The war won't end overnight as Russia's aim to destroy Ukraine remains the same, Kallas stressed according to a government press release. "Stopping the aggressor requires a tremendous effort from Ukraine first and foremost, but also from the free world," she said.

"It's clear that Ukraine must win this war, and Germany has a leading role to play in stopping Putin's war machine," the Estonian prime minister stressed.

"As the Ukrainians have said, the best humanitarian aid is military aid," Kallas said, emphasizing the need to quickly send Ukraine more aid. "Estonia is one of the countries who has helped Ukraine the most, but as long as the war in Ukraine hasn't ended and Russian troops haven't retreated, none of us have done enough."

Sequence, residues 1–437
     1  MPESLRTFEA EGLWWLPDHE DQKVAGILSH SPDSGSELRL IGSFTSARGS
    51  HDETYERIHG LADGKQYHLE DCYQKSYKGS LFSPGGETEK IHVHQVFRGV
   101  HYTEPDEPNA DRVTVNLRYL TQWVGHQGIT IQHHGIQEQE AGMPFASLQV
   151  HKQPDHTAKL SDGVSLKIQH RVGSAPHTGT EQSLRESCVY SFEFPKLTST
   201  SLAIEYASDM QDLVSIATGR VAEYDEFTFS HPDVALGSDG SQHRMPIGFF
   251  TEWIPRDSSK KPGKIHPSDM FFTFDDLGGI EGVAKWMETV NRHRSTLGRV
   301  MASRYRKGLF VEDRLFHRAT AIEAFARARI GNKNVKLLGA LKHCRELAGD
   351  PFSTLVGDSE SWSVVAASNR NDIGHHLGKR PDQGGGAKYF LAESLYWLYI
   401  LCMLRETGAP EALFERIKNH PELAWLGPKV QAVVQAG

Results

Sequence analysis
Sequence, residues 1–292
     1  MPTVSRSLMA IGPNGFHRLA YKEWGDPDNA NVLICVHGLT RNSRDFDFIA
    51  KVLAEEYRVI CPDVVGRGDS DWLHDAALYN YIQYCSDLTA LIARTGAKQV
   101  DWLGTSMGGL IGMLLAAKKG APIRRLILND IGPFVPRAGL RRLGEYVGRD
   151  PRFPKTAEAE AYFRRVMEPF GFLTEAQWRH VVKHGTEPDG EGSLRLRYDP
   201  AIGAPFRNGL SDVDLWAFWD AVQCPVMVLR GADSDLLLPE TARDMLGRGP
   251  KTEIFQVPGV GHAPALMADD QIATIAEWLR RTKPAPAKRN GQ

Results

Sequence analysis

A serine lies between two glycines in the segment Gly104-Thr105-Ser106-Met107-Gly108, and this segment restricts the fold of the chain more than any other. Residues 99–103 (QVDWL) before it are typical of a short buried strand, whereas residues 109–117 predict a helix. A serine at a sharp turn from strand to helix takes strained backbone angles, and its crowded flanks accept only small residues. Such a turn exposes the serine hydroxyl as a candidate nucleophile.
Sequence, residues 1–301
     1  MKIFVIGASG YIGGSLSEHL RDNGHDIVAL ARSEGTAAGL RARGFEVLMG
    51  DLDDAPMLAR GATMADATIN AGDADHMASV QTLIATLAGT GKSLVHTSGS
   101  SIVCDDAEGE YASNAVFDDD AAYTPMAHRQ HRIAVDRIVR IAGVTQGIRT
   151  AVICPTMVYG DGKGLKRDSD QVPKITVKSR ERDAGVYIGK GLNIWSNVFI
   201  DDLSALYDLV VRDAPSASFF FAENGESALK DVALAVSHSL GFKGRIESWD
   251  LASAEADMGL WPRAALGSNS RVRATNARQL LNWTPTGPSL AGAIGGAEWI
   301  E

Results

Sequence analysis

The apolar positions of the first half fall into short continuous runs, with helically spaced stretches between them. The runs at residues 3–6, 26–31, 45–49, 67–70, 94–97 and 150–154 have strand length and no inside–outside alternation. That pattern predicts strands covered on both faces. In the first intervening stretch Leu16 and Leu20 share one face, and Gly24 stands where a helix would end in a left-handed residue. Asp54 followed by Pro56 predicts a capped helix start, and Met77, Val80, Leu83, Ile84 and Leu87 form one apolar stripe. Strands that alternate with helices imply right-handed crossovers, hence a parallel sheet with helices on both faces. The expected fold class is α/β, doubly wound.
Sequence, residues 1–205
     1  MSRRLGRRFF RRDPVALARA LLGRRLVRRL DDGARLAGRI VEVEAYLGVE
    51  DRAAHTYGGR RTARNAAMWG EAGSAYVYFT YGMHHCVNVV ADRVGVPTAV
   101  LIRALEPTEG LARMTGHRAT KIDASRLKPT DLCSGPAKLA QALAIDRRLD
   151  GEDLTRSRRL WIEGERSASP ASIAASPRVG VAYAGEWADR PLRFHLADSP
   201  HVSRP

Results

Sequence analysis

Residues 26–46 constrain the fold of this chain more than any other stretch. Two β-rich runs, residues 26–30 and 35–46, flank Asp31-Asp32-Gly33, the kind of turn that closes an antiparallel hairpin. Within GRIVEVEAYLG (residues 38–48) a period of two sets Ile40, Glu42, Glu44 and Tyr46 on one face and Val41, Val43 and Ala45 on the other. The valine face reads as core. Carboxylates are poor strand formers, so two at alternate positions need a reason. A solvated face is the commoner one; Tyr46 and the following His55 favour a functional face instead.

At their meeting, Kallas and Baerbock discussed the EU's next planned sanctions package, as well as the importance of granting Ukraine candidate country status in the EU.

They also discussed defense cooperation and preparations for the NATO summit to take place in Madrid on June 29-30, and the Estonian prime minister highlighted Germany's contributions to the Baltic region's security.

According to Kallas, the focus at the Madrid summit must be on decisions reflecting the changed security situation in Europe. "As a country on NATO's eastern flank, what we want is more allied forces, planes and ships in Estonia," she said.

Thursday's visit to Tallinn follow's Baerbock meeting with Estonia, Latvia and Lithuania's foreign ministers in Riga on Wednesday.

She will be concluding her multiday visit to the Baltic countries in Lithuania on Friday.


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Editor: Aili Vahtla